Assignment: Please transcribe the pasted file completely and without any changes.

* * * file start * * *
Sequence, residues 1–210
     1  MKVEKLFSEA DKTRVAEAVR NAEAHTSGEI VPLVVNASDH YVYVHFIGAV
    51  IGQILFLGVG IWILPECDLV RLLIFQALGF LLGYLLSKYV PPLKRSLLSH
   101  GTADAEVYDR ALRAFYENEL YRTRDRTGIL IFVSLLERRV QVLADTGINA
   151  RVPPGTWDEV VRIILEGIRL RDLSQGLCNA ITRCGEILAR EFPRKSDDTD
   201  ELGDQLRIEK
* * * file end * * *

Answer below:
Sequence, residues 1–210
     1  MKVEKLFSEA DKTRVAEAVR NAEAHTSGEI VPLVVNASDH YVYVHFIGAV
    51  IGQILFLGVG IWILPECDLV RLLIFQALGF LLGYLLSKYV PPLKRSLLSH
   101  GTADAEVYDR ALRAFYENEL YRTRDRTGIL IFVSLLERRV QVLADTGINA
   151  RVPPGTWDEV VRIILEGIRL RDLSQGLCNA ITRCGEILAR EFPRKSDDTD
   201  ELGDQLRIEK